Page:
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The impossible triangle was first conceived by the Swedish artist Oscar Reutersvärd in 1934. Although at first glance it may appear to be a regular three-dimensional object, with each corner looking perfectly normal, when considered as a whole, the paradox becomes apparent. The sides of the triangle look as if they both recede and come towards you simultaneously. Yet, somehow, they meet in an impossible configuration. The drawing itself isn't impossible. Just your three-dimensional interpretation of it.
The Impossible Triangle is an optical illusion, first attributed to Swedish artist, Oscar Reutersvärd, in 1934. Originally, he drew the shape with strings of cubes, rather than solid bars.

The more familiar version (shown below) was created independently by Roger Penrose after attending a lecture by Dutch artist, M. C. Escher in 1954.

```        __
/ /\
/ /  \
/ / /\ \
/ / /\ \ \
/ / /  \ \ \
/ /_/____\ \ \
/__________\ \ \
\_____________\/
```
Escher, in turn, was inspired to create images, including his famous "Waterfalls" image, by the work of the Penroses.

In 1980, the Swedish government honoured Reutersvärd by using his original image on a stamp between 1982 and 1984.

### How to build an impossible triangle

Yes, it is possible to actually build an impossible triangle. It's all a question of perspective, as you will see.

1. The first stage is to build the three bars that will make up the triangle. Take a piece of A4 or legal size card or stiff paper. Cut out three rectangles of about 12 x 25 cm.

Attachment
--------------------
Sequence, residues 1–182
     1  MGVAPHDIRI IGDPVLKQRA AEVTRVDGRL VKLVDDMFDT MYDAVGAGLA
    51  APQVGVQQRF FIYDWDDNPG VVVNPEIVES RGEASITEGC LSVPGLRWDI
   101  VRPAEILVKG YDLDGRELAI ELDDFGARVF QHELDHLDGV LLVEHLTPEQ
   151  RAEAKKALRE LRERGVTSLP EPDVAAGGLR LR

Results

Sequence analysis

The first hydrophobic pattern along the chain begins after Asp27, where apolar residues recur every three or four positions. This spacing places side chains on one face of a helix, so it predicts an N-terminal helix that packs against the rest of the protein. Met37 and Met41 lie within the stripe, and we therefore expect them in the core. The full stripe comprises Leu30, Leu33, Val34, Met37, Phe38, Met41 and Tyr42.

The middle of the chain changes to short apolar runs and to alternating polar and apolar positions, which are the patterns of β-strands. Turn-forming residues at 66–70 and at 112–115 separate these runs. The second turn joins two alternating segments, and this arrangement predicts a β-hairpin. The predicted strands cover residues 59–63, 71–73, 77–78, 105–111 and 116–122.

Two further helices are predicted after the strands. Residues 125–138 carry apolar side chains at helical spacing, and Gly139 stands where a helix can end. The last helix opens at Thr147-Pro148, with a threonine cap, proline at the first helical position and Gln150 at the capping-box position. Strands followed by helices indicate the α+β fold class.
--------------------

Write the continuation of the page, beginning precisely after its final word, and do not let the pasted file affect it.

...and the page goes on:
2. Put these three pieces together and fold them in half along their long axis and the do it again. The stack of paper should be a quarter of the width you started with.

3. Crease and unfold. You should have three bits of paper that look like this:
```+---------------------+
|                     |
|- - - - - - - - - - -|
|                     |
|- - - - - - - - - - -|
|                     |
|- - - - - - - - - - -|
|                     |
+---------------------+
```
4. Fold each of these into a tube and tape them. You now have three square cross section tubes of paper.

5. Now we will tape them together. The first taping is easy. Just tape one end of on of the tubes to another making sure you form a right angle. Make the end look a little like this:
```      /\/\/\
|      |
|      |
|      |
|______|_______
|              \
|              /
|______________\

```
6. Hold this construction so that it looks like an L. Now tape the third tube onto the bottom right hand side of the L orientated facing away from you. Like so:
```      /\/\/\
|      |  L shape
|      |     |           End of newest tube
|      |     v                  |
|______|_______     ____________v__
|              \    \       |      |
|              /    /       |      |
|______________\    \_______|______|

Or in 3D (ish)

X          ____
/__a/|
|   | |                     ___
|   | |                   b/  /|
|   | |                   /  / |
|   | |                  /  /  /
|   | |                 /  /  /
|   | |                /  /  /
|   | |_______________/  /  /
|   |/_______________/__/  /
|   |                |  | /
|___|________________|__|/
```
7. That's it. You now hold in your hand an impossible triangle, Ha!

8. No, wait, before you click that vote button: Close one eye and look at your weird construction from the X so that 'a' and 'b' are on top of each other. It will look like a right angle between the 'a' and 'b' tubes if you built it with sufficient accuracy. The other two angles will also look like right angles (because they are). Three right angles in a triangle? Surely that's impossible!

It is also possible to create other impossible figures, such as the impossible cube, using methods like this. Experiment, write up, enjoy impossibility!

Sources:
Bruno Ernst, "Adventures with Impossible Figures", ISBN: 0906212545

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